Did Lloyd drop it on purpose?
In reply to West Indies' 286 for 9 in the 1979 World Cup final, England made steady progress, getting to tea without losing a wicket. The issue was that instead of going after the gentle offspin of Viv Richards, Geoff Boycott and Mike Brearley were milking him for singles. While the capacity crowd was initially happy that the openers had seen off the new ball and weathered all that Andy Roberts, Michael Holding, Colin Croft and Joel Garner could throw at them, their concern grew as the overs ticked away.
Boycott, who had taken 17 overs to reach double figures, was on strike shortly after tea when he came down the pitch to Richards and mistimed his stroke. The ball arced gently to Clive Lloyd, an outstanding fielder, even though he had already dropped Brearley once. Just as slowly, Lloyd fluffed the catch at wide mid-on, ending up on his back with the ball on the turf close by.
England reached tea on 79 for 0 after 25 overs, but the game was slipping away from them. "We weren't too worried when Lloyd contrived to drop Boycott," Richards later said.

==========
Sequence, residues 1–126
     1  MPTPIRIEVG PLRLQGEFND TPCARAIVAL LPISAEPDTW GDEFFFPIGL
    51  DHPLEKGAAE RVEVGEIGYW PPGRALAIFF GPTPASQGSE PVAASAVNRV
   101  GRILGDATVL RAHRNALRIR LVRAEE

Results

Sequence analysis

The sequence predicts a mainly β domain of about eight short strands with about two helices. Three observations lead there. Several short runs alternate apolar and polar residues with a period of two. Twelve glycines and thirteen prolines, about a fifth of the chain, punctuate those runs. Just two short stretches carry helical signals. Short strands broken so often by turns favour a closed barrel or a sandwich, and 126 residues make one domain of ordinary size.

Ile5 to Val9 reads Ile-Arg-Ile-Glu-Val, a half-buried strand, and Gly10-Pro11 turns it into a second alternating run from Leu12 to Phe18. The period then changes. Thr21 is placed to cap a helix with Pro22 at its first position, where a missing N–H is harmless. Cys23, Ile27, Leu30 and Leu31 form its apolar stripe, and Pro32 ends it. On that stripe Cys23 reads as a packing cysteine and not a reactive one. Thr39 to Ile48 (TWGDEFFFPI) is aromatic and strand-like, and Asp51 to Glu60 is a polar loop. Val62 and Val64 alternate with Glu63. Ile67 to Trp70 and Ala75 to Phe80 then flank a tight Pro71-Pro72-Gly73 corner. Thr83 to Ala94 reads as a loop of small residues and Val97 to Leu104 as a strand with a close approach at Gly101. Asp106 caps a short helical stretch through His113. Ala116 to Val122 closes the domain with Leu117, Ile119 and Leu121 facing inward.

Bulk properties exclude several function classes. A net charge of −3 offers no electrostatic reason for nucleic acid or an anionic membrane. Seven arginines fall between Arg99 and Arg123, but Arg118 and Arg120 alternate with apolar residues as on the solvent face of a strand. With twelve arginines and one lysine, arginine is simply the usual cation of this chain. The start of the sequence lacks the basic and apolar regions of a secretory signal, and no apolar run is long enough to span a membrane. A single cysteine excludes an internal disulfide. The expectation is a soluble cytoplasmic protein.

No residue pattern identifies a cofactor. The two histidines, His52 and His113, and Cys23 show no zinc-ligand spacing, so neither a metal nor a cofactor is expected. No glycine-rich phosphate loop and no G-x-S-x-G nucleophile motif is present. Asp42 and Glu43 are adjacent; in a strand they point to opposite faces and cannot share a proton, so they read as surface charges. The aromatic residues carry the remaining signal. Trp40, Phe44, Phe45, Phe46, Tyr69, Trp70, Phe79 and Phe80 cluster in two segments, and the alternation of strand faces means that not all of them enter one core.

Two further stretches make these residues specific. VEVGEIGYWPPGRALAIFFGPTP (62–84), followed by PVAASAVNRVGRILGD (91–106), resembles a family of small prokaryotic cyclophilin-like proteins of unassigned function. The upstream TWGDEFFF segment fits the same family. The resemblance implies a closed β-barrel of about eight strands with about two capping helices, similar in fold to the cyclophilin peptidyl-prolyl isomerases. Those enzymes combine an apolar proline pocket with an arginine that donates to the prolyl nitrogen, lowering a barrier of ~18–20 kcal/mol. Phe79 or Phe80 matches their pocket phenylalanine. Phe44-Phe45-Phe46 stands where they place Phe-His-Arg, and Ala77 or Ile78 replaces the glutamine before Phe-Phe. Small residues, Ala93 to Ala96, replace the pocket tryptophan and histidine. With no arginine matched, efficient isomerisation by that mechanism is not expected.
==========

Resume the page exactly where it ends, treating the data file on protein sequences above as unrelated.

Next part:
"I could have watched them all day because I knew every over they batted was another nail in their coffin," Lloyd noted. "A lot of people suggested I put [the catch] down purposefully just to keep him in. It's not true, but it wouldn't have been a bad tactic."
The drop, however, brought Boycott out of his shell as he drove Roberts through the covers and then steered him to third man for two fours. But by the time the first-wicket stand finally ended with the score on 129 in the 39th over, the damage had been done. England were running out of overs - and this was the era before fielding restrictions, so the boundary could be packed - and from 183 for 2, they lost eight wickets for just 11 runs in a flurry of heaves and hoicks.